Open Access To Prescription Medications

Armen Hareyan's picture

Much has been said recently about how cutting prescription drug costs could save $20 to $50 million or more, at the expense of the vulnerable population of those living with severe mental illness. Of course we need to be careful with every dollar spent in this economy, and it makes sense to use science to guide our efforts. But there’s the rub: the studies point out that if you do anything to limit access to medications patients show adverse effects. The last thing we need to do is to save a dollar on prescription medications and spent hundreds on a hospitalization. Stories have been abounding about the current breakdown in care leading to people seeking out care in their local hospitals, and not being able to get treated for sometimes up to eight days such as the recent wait vacant bed reported in Winston Salem. What will happen if we put up more barriers like making it harder to get the prescription drugs that work?

Trying generics for those individuals newly diagnosed is a good first step. More good steps include the bulk purchasing methods and the enhanced use of rebates. But to start with a limited drug list that would affect everyone adds barriers- for both the patient and for the doctors and pharmacists. There is a cost to the bureaucracy of barriers- in human terms and in financial terms.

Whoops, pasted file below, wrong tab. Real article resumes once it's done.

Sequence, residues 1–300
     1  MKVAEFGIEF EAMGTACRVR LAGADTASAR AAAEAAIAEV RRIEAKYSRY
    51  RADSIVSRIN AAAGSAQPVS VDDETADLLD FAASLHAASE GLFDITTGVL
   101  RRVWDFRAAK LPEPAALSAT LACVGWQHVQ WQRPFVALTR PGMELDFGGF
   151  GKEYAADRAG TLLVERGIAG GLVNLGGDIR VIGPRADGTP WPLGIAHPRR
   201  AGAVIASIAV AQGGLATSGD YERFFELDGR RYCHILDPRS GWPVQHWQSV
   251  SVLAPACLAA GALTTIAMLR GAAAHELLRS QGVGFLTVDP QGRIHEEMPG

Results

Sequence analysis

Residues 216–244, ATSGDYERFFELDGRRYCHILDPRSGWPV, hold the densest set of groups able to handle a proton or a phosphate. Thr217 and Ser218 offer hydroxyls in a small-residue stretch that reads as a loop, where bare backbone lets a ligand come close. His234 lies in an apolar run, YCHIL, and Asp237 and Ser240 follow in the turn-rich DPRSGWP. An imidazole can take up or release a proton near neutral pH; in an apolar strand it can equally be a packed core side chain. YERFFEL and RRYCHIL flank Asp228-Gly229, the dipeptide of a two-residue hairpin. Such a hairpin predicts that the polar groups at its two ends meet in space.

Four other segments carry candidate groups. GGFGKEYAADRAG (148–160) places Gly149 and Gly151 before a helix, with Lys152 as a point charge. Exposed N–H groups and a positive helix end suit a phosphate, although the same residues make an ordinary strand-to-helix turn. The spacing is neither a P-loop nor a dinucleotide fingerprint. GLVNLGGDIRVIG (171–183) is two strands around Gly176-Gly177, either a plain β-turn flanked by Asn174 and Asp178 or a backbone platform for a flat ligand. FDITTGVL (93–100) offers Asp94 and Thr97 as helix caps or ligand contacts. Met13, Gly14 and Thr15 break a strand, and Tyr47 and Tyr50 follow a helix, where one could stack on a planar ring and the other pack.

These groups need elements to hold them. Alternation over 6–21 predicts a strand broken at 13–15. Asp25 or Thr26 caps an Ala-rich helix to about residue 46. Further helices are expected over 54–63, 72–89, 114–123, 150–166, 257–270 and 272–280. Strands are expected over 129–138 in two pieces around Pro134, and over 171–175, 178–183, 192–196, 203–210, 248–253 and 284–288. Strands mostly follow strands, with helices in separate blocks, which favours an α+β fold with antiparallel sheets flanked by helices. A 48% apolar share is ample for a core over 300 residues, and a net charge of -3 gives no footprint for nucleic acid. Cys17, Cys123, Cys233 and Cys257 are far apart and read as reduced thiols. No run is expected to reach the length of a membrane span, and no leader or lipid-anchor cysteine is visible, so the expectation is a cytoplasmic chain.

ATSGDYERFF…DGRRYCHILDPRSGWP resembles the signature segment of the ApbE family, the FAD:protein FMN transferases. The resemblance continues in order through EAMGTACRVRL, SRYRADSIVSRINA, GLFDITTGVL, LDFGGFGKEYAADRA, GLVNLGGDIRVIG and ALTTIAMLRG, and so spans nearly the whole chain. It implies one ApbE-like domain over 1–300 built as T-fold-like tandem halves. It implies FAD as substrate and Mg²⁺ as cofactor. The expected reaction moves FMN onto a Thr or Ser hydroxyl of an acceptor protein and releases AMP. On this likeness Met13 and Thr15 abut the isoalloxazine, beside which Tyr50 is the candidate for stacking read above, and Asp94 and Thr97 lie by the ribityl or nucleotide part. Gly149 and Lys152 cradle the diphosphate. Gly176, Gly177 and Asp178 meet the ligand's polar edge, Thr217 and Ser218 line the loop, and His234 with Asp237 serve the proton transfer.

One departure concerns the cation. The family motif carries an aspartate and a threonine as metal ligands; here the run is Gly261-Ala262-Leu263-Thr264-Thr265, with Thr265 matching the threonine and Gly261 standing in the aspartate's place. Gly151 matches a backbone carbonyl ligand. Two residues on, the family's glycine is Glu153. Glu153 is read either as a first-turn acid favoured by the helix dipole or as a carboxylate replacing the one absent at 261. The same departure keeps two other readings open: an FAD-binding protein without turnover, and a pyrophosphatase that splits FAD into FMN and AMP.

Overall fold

A recent article in the N & O pretty much said that the drug companies are the reason that the preferred drug list, the method of containing costs, has not happened until this recent round of budget cuts. Well, in truth those people living with mental illnesses and their families also oppose this limitation on getting the right treatment quickly.

So what does the science say to us about adverse effects to limiting access to drugs? A Maine study showed that there is a lack of generic alternatives for second generation antipsychotics, so you can’t save money there. That’s a clear and compelling reason to exempt those with severe mental illnesses from this limitation. Concentrate on areas where generics exist- like gastrointestinal, reflux illnesses, not mental illnesses. A May 2009 study shows that patients with medication access problems had 3.6 times greater likelihood of adverse effects like more ER visits, hospitalizations, homelessness, suicidal behavior, or incarceration. So it’s not really savings, it is cost shifting. More ideas to guide the savings: let’s use the scientific approach of “audit” and “feedback” which is an educational approach to change prescribing behaviors and improve the appropriate use of medications, while guarding against negative side effects. Missouri recently saved millions using this approach systemically.

And let’s talk to those affected by this decision, people who takes medications, not just the prescription drug companies, before making more mistakes in our mental health system in NC.